Mental health top issue for young people in the ACT, Mission Australia survey finds

Ian Bushnell 28 November 2018
Mental health funding

Mission Australia says young people need the right supports to deal with mental health issues.

Mental health is an issue of increasing concern to young people in the ACT, according to Mission Australia’s Youth Survey 2018 released today.

It found the number of young people in ACT reporting concerns around mental health had risen by 10.8 per cent in one year, with four in 10 (40.9 per cent) of ACT young people identifying, for the first time, mental health as the top issue facing Australia today – up from 30.1 per cent in 2017 and quadrupling since 2015.

The top three issues of national concern identified by young people from the ACT were mental health, alcohol and drugs and equity and discrimination (40.9 per cent, 23.4 per cent and 19.3 per cent respectively).

While in 2017, equity and discrimination was the most important issue in Australia according to young people in the ACT, mental health took its place this year and also entered the top three issues of personal concern in the survey.

The top three personal concerns for ACT young people were coping with stress (43.6 per cent), mental health (36.1 per cent) and school or study problems (33.7 per cent). In previous years, the third most cited item in the ACT was body image (33.3 per cent), which moved to the fourth spot in 2018.

Mission Australia’s NSW/Victoria/ACT State Director, Nada Nasser said it was time to heed young people’s clear and growing concerns around mental health and take immediate action to ensure all young people had access to the right supports.

“It’s important that we acknowledge the robust efforts in the ACT, nationally and internationally that have increased public awareness about mental health and helped to reduce the stigma of mental health issues,” she said.

“As a priority, we must ensure that this increased awareness goes hand-in-hand with adequate access to the right help when needed. Access to appropriate and timely support can make a real difference in a young person’s life.

“We must see more investment in evidence-based programs that promote mental health and wellbeing in schools, as well as holistic supports for young people that meet a range of needs during adolescence, such as assistance with school or study problems and coping with stress.”

Just over half of ACT’s female respondents identified mental health as a national concern, while under one-third of ACT’s male respondents reported this as an important issue in Australia.

Now in its 17th year, the Mission Australia Youth Survey continues to be the biggest annual survey of its kind. A record 28,000 young people aged 15 to 19 took part in the Youth Survey 2018, including 336 young people in the ACT.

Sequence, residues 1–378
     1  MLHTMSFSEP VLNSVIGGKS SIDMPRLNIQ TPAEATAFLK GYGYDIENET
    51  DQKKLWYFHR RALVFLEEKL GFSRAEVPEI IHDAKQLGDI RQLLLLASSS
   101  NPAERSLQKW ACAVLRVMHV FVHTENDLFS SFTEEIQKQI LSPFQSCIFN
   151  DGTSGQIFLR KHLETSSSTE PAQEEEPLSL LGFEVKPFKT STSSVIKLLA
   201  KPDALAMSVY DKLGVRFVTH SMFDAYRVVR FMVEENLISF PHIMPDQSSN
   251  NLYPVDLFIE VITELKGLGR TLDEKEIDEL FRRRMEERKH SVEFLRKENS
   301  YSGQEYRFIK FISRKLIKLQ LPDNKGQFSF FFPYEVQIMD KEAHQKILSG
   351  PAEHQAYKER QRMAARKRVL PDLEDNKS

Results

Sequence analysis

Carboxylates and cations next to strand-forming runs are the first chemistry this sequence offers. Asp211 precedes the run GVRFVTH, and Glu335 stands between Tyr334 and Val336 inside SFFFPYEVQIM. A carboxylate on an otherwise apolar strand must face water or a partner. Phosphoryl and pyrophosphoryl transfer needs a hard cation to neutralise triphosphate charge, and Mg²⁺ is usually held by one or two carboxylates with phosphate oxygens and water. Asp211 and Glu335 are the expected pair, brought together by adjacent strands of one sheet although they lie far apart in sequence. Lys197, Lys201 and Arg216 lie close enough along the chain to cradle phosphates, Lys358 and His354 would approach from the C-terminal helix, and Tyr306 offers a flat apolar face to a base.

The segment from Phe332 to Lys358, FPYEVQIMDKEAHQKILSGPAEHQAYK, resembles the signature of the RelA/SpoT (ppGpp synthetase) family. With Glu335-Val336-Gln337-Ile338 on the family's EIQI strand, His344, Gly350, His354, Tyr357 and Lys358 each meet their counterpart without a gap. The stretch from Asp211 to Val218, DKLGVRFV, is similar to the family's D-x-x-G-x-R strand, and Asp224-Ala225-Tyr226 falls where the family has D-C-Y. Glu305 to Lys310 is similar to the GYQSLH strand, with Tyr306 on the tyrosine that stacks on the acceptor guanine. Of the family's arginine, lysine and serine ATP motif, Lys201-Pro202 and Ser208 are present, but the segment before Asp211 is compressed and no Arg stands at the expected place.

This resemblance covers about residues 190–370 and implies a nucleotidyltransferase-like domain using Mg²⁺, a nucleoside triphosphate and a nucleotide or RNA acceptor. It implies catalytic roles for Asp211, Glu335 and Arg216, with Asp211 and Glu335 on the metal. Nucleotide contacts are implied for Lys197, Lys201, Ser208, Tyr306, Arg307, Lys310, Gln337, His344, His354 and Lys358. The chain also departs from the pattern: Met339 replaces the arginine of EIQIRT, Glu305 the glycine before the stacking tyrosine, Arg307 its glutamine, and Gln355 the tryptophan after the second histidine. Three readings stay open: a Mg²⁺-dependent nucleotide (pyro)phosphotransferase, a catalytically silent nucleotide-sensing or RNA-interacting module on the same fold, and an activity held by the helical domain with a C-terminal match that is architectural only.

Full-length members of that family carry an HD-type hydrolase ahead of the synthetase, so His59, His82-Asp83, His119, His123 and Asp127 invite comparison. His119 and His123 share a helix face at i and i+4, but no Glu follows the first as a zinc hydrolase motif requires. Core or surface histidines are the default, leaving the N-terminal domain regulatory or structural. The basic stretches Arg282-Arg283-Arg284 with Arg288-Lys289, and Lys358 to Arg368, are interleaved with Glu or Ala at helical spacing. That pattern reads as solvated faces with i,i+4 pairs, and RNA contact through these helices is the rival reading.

Mission Australia said that for the first time in 2018, young people were asked whether they felt there were any barriers to moving out of home, with housing costs (72.0 per cent), financial stability (58.6 per cent) and availability of housing (43.5 per cent)) identified as the top three barriers in the ACT.

More than double the proportion of females (1 in 5 females in the ACT) reported security/safety as a barrier to moving out of home.

Nearly four in 10 young people in the ACT who were surveyed identified that they felt there were barriers to them finding work (38.8 per cent). In the ACT, the top three barriers young people identified as impacting upon them finding work were school responsibilities, lack of skills or experience and job requirements (20.5 per cent, 17.6 per cent and 14.0 per cent respectively).

Across the nation, more than twice the proportion of young people in regional areas than those in major cities felt that where you live was a barrier to finding work (13.3% compared to 6.4%).

The Youth Survey 2018 also shows that many young people both nationally and in the ACT reported feeling confident in their ability to achieve their study or work goals after finishing school. However, one in eight young people in the ACT reported low levels of confidence.

“While this new data shows that many young people in the ACT are optimistic about achieving their post-school goals, we know that more must be done to address the barriers standing between young people and their aspirations,” Ms Nasser said.

“Every young person—irrespective of their background, postcode, income, gender or sexuality—must have access to education and training, safe and secure housing and support services. By expanding programs that work to support young people to engage with education and improve their career opportunities, particularly for vulnerable young people, we can help ensure that young people have the best chance to reach their full potential.”

The results of the Youth Survey are shared across Governments, NGOs and social commentators to inform the debate around the circumstances of young people in Australia and to support the development of policies, services and programs that have the needs of young people at their core.

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